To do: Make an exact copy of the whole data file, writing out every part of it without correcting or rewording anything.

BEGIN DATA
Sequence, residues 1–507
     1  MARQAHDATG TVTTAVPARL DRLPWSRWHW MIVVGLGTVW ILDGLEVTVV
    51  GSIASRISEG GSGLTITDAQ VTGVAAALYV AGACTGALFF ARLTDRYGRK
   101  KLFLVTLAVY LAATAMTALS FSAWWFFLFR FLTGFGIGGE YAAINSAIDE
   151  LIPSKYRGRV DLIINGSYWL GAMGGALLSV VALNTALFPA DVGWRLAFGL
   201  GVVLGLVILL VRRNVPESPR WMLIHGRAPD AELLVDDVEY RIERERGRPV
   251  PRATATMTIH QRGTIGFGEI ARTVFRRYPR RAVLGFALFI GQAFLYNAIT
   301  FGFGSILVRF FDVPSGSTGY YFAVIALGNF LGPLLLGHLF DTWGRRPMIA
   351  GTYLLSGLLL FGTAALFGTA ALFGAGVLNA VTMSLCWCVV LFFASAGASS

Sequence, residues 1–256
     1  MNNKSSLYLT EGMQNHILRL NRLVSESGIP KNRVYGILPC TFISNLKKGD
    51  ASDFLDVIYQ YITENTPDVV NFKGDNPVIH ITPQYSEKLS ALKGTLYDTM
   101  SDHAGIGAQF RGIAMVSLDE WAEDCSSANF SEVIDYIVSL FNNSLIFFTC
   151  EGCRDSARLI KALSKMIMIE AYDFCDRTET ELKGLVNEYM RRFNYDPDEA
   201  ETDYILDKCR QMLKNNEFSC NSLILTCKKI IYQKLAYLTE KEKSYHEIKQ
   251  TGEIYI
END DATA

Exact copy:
Sequence, residues 1–507
     1  MARQAHDATG TVTTAVPARL DRLPWSRWHW MIVVGLGTVW ILDGLEVTVV
    51  GSIASRISEG GSGLTITDAQ VTGVAAALYV AGACTGALFF ARLTDRYGRK
   101  KLFLVTLAVY LAATAMTALS FSAWWFFLFR FLTGFGIGGE YAAINSAIDE
   151  LIPSKYRGRV DLIINGSYWL GAMGGALLSV VALNTALFPA DVGWRLAFGL
   201  GVVLGLVILL VRRNVPESPR WMLIHGRAPD AELLVDDVEY RIERERGRPV
   251  PRATATMTIH QRGTIGFGEI ARTVFRRYPR RAVLGFALFI GQAFLYNAIT
   301  FGFGSILVRF FDVPSGSTGY YFAVIALGNF LGPLLLGHLF DTWGRRPMIA
   351  GTYLLSGLLL FGTAALFGTA ALFGAGVLNA VTMSLCWCVV LFFASAGASS

Sequence, residues 1–256
     1  MNNKSSLYLT EGMQNHILRL NRLVSESGIP KNRVYGILPC TFISNLKKGD
    51  ASDFLDVIYQ YITENTPDVV NFKGDNPVIH ITPQYSEKLS ALKGTLYDTM
   101  SDHAGIGAQF RGIAMVSLDE WAEDCSSANF SEVIDYIVSL FNNSLIFFTC
   151  EGCRDSARLI KALSKMIMIE AYDFCDRTET ELKGLVNEYM RRFNYDPDEA
   201  ETDYILDKCR QMLKNNEFSC NSLILTCKKI IYQKLAYLTE KEKSYHEIKQ
   251  TGEIYI